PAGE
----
Wildlife Strikes & Mitigation
Wildlife strikes risk lives and property. Strike hazard mitigation is a global challenge being addressed the world over. In the United States alone the cost to the airline industry is estimated to exceed one billion dollars annually. And the costs are climbing each year. Increasing numbers of flight operations, increasing population sizes of large flocking birds, and faster aircraft with quieter engines all equate to more opportunities for aircraft and birds to collide. Despite these trends, damaging strike rates (numbers of damaging strikes compared to the total strike numbers) are not steadily climbing. (Learn more in the most recent FAA National Strike Database Serial Report.) It is thought that effective wildlife mitigation programs at and near airports combined with public awareness of these challenges are having a positive effect. How do we know? How can we track these trends?
Reporting strikes to the **FAA Strike Database is voluntary, but provides crucial data needed to understand wildlife hazards to aviation at the national level. Further, documenting strikes helps airports understand their challenges, and helps them determine the efficacy of their wildlife hazard mitigation programs when they compare the data from year to year.
- Provide as much information about a strike as you can.
- File the strike report as soon as possible.
- Do not assume you need to fill in all fields of a Strike Report. Just report what you can.
- Reports can be revised! You can access the report later to make changes or add information.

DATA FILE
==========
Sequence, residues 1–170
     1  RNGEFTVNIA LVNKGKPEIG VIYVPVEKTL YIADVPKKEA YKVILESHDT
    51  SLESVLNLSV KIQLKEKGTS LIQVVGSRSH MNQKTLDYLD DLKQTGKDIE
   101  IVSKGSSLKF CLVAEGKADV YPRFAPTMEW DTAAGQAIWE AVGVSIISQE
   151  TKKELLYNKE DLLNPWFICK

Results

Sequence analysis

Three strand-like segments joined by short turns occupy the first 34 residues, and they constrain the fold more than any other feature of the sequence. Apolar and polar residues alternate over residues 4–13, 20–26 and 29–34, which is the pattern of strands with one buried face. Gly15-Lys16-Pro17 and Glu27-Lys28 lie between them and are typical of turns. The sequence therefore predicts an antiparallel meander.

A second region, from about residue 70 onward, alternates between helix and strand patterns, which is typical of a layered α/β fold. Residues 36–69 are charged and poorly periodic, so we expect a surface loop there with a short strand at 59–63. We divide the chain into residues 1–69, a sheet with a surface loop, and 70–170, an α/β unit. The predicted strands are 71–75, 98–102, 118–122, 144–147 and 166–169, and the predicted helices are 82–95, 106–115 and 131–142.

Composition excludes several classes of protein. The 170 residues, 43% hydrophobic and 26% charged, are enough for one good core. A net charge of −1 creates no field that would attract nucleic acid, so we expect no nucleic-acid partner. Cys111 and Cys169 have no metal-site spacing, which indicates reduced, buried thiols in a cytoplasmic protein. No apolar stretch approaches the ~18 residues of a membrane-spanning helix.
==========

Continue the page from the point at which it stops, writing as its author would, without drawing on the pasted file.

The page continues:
- Ensure Airport Name self populates in the Airport field by pausing your cursor before moving to the next field.
- Species Identification is crucial! Collect Strike remains and send them to the Smithsonian Lab.
- If you have questions or need help, contact any of the Strike Database Staff:
There are many resources, guides, research publications, and other support tools to help mitigate wildlife hazards to aviation. Airport wildlife hazard mitigation programs are regulated, supported, and guided by the Federal Aviation Administration (FAA), United States Department of Agriculture (USDA), and applicable federal, state, and even local laws. See the BSC web pages provided for links to these regulations, publications, and guides.
**There is a known compatibilty issue between this site and the latest versions of Internet Explorer (IE) Browser version 11. If you are using Microsoft IE11 and experience an error when trying to report a strike, please download the instructions for implementing the Compatibility Issue Workaround Resolution